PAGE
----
Day 7, Sunday, July 22, 2018
After I visited the Grant-Kohrs Ranch, I still had plenty of time in my day. I headed over to the Old Montana Prison. For some reason, I have a morbid fascination with old prisons, and this one didn’t disappoint!
The Old Montana Prison was in use from its construction in 1871, all the way to 1979. Much of the present facility was built using convict labor, and the sandstone walls are 24 feet tall and extend 4 feet down into the ground to prevent prisoners from digging their way out. Construction of the exterior walls began in 1893. The oldest buildings currently standing at the prison are the original women’s building from 1907, and a 1912 prison building.
The prison is huge, and you can wander on a self-guided tour to see the cell blocks, cafeteria, women’s block, exercise yard, warden’s office, workshops and more. I don’t think I would want to visit at night though; I’m sure the place is haunted! The exhibits in the prison included information on the 1959 riot there, which resulted in the death of Deputy Warden Rothe and the murder-suicide of the two inmates who initiated the plot. Several guards and other staff were held hostage for about 36 hours, before the Montana National Guard stormed the prison and ended the riot. The inmates were rioting over the poor conditions at the prison, which got worse after the riot ended.
Another notable story is that of “Turkey Pete” Eitner, who was convicted and sentenced to life for murder in 1918. He became a model prisoner and was eventually put in charge of the turkey flock, which he proudly cared for. His mental illness led to him believing that he owned the flock, which he then “sold” for a profit. More entrepreneurial ventures followed, and he soon “owned” the prison. Prisoners were permitted to humor him, and they printed checks on the prison printing press to pay for various things, and Turkey Pete “paid” for all the expenses at the prison. When he died in 1967 after being incarcerated for 49 years, he received the only funeral ever held within the prison, and his cell was retired.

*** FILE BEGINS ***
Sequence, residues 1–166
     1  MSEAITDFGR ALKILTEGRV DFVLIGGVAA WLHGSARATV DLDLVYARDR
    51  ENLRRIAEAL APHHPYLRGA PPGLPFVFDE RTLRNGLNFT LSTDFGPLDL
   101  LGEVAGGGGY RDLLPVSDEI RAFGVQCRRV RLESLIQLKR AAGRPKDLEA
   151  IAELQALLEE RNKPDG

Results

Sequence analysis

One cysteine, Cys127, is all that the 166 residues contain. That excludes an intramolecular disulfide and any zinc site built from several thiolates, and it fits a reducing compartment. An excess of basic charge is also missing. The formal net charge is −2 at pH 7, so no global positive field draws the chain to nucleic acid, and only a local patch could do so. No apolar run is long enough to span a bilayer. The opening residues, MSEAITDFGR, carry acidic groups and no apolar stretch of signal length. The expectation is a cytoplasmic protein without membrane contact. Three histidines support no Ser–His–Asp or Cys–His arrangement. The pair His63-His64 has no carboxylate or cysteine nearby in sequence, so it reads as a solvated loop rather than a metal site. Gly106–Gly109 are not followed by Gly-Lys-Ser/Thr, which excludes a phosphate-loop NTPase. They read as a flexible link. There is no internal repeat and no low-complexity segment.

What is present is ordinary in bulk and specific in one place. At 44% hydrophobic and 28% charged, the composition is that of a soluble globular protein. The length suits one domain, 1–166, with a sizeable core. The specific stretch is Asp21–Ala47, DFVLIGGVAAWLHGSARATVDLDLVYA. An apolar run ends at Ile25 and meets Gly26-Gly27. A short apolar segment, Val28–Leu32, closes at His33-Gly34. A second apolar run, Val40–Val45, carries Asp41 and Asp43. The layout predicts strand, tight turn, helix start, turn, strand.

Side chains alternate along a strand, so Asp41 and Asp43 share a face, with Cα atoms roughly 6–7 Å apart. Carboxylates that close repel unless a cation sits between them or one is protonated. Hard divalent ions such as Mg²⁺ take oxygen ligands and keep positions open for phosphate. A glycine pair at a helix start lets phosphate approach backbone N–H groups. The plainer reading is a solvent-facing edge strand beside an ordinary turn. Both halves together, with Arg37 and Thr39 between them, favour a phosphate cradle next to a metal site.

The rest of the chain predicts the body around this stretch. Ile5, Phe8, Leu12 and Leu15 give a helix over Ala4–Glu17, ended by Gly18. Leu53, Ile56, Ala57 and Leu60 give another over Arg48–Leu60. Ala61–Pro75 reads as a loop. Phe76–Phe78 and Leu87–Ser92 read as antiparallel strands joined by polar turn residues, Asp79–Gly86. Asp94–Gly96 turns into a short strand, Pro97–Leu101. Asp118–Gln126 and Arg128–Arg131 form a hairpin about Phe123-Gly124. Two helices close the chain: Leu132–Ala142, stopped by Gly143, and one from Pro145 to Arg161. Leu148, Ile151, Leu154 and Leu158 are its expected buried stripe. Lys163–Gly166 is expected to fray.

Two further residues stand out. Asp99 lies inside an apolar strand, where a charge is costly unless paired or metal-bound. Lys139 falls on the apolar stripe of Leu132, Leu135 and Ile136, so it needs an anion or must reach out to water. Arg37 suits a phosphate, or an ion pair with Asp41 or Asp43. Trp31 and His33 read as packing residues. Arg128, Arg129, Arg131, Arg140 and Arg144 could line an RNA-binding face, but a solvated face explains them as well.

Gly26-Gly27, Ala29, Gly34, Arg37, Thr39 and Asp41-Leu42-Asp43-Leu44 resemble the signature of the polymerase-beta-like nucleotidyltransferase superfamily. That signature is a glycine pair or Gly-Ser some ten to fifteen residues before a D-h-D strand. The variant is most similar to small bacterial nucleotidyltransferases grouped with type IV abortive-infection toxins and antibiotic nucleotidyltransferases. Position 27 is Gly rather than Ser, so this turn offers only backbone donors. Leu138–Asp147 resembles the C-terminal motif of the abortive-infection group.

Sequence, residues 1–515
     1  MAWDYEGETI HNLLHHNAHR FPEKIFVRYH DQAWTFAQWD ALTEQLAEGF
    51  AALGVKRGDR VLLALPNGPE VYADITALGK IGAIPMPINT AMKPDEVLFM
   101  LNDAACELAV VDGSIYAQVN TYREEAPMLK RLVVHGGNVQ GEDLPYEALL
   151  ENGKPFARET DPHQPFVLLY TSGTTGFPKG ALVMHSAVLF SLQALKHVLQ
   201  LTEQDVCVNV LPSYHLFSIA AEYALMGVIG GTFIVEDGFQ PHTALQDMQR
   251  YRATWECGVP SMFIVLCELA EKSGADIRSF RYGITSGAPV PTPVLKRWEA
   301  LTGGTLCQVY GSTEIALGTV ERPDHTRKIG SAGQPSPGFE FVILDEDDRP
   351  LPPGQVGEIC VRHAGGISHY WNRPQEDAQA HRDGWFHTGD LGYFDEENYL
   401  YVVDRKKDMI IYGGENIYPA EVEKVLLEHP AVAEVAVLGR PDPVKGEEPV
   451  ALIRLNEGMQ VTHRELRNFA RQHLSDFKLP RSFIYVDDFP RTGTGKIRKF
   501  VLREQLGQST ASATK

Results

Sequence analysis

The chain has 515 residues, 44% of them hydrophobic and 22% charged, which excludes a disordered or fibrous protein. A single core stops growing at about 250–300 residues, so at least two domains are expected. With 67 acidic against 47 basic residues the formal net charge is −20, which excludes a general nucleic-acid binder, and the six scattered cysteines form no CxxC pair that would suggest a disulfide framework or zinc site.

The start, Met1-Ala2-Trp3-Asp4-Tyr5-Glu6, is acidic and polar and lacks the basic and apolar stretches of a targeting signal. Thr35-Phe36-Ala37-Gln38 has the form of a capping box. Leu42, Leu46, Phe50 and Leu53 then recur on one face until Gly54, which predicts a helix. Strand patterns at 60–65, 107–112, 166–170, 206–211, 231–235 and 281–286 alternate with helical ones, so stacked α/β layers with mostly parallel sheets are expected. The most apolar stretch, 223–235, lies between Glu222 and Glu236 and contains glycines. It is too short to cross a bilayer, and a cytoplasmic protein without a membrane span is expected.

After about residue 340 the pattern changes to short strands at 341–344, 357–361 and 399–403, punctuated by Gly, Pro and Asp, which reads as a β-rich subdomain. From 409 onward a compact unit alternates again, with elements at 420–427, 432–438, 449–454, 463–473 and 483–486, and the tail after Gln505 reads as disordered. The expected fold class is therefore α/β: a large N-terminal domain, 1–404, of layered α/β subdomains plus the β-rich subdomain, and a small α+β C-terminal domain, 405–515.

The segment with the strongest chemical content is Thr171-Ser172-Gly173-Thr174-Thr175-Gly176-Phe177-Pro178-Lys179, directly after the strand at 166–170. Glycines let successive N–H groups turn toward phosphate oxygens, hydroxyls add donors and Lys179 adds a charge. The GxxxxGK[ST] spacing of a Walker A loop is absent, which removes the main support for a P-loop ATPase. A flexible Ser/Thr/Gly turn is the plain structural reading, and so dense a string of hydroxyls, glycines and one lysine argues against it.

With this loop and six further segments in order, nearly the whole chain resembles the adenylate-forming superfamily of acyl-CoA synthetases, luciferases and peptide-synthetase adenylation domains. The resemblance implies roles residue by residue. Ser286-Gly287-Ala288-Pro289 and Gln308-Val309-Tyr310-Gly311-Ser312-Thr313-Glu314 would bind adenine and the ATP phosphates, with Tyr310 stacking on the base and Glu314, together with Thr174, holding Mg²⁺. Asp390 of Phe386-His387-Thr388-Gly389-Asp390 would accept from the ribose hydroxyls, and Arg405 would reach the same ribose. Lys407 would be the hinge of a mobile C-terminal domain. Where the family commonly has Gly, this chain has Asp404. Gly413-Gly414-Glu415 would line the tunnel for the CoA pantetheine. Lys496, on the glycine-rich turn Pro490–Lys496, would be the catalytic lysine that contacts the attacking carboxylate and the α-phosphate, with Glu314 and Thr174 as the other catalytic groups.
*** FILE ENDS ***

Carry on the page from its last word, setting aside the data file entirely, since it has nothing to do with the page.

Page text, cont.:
The Old Montana Prison site also has four other museums on the site, and your admission fee of $15 (you get a discount with AAA) gets you into all of them. The Montana Auto Museum has over 160 cars ranging from the invention of the first cars to muscle cars and sports cars. Many of them are very unusual, including historic campers, and a replica of an 1886 Benz, which had one of the very first internal combustion engines. I am not that into cars, but it was fascinating! I was also impressed that they could get them all crammed into the building. That would take a lot of planning to determine in which order they needed to be moved in, as well as some very good three-point turn skills.
The Frontier Museum has artifacts of items that were used by ranchers, farmers and frontiersmen during the Old West period. There are firearms, saddles, spurs, a wagon, and Native American artifacts. The Powell County Museum has artifacts that include mining industry items, and a local wood-carver’s collection. Lastly, Yesterday’s Playthings has exhibits on model railroads, and dolls and toys. Outside, you can explore an Old West Town, with homes and businesses that have been moved to the site. None of these other museums take too much time, but are worth peeking into!
The museum complex also has a very unique museum shop. The current prisoners in the Montana State prison system have the ability to make an assortment of arts and crafts, which are sold to the public through the museum store. There are some very beautiful and intricate items, including paintings and tooled leather bridles. I was in awe of their talent!
Soon though, I had to be on my way. I drove to Dillon, Montana and found a KOA campground for the night. I wanted to be close to my destination for the next morning! I got there in enough time to enjoy the swimming pool and sit listening to the creek that ran alongside my campsite. It was a nice place to park for the night.